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Of course, the biggest cause for concern with such a large screen is the Xperia 5’s stamina. Thankfully, in dropping the resolution down to FHD+ and slightly reducing the screen size, Sony has managed to squeeze out an extra 38% of use on a single charge according to our in-house battery rundown test – finally reaching 17hrs 55mins before needing to recharge.

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Sony Xperia 5 review: Camera

Flip the phone over and you’ll notice the same triple-camera setup as the Xperia 1, which is also arranged vertically in the centre of the back panel. This incorporates a collection of three 12-megapixel camera sensors – one is a regular lens with an f/1.6 aperture, the one below it is a 2x telephoto zoom sensor, and the final one is a wide-angle unit.

Triple-camera arrangements aren’t new, of course, but what’s particularly special about the Xperia 5 is the co-development with Sony’s Alpha camera team. The rather effective eye-autofocus returns, allowing you to keep your subject in focus without too much effort on your part, and there’s also the 10fps burst shooting mode as well as more advanced noise reduction tech.

Sony’s CineAlta video editing app also returns, which enables you to edit your footage on the fly and apply cinema-grade colour profiles to your videos. Like the Xperia 1, you can record in 4K, but you’re restricted to 30fps and 24fps framerates.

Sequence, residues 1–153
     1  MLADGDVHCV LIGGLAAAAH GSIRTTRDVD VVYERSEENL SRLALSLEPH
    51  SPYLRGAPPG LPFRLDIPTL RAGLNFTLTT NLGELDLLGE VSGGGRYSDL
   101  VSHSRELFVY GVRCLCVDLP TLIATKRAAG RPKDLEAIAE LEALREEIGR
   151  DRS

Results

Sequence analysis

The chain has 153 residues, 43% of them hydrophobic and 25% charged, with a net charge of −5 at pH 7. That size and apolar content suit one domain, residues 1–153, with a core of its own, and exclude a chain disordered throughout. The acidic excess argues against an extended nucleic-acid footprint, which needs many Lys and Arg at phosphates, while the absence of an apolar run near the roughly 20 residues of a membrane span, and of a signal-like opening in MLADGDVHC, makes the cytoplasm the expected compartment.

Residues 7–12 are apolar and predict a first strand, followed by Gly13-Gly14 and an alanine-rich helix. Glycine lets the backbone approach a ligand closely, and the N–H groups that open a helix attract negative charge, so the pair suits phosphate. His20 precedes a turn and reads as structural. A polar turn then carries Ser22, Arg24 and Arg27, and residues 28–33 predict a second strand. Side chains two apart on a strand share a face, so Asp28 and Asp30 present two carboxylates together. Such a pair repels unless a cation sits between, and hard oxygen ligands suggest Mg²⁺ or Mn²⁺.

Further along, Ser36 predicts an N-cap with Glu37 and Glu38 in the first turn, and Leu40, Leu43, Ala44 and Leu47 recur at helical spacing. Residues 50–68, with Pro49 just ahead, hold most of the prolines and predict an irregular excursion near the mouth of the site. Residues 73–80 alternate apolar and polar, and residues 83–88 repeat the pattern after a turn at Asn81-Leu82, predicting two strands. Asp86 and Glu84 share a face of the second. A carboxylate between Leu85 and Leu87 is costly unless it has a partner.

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It’s obvious that the Xperia 5 is practically bloated with features, but how does the camera perform? The short answer is very good – there’s plenty of fine details in images captured in bright environments, and in some instances, it significantly outperforms the OnePlus 7T Pro’s somewhat soft-looking images.

Colours don’t look muted – even on a gloomy October morning in London – and aren’t oversaturated and candy-coloured, either. I didn’t spot much evidence of visual noise, even in low-light environments, with the Xperia 5’s cameras doing a mighty fine job at brightening up the scene as the light dims.

In fact, the only issue I have with the camera is that object definition isn’t particularly crisp. Some of the building outlines don’t look as well-defined as I would like them to, and I spotted a few issues with the video stabilisation, too. As you slowly pan across the scene, the Xperia 5’s footage looked a bit too juddery for my liking – it’s a shame because the quality itself is actually very good.

Sony Xperia 5 review: Verdict

With an (almost) identical feature list as its bigger brother, it’s certainly a smart move on Sony’s part to bring the price of its flagship down a peg or two. I might be seeing double, but considering you can get a similar sort of experience as the Xperia 1 for just a little bit less, then the pocketable Xperia 5 is a decent choice for anyone looking to upgrade.

But decent isn’t quite good enough in 2019, is it? After all, Samsung still reigns supreme in the Android space – even if it does cost more – and Apple’s iPhones have been knocking it out of the park in recent years. The iPhone 11, in particular, does a tremendous job at bringing a superb camera to the masses, and its HDR playback capabilities simply can’t be matched either.

Source: expertreviews.co.uk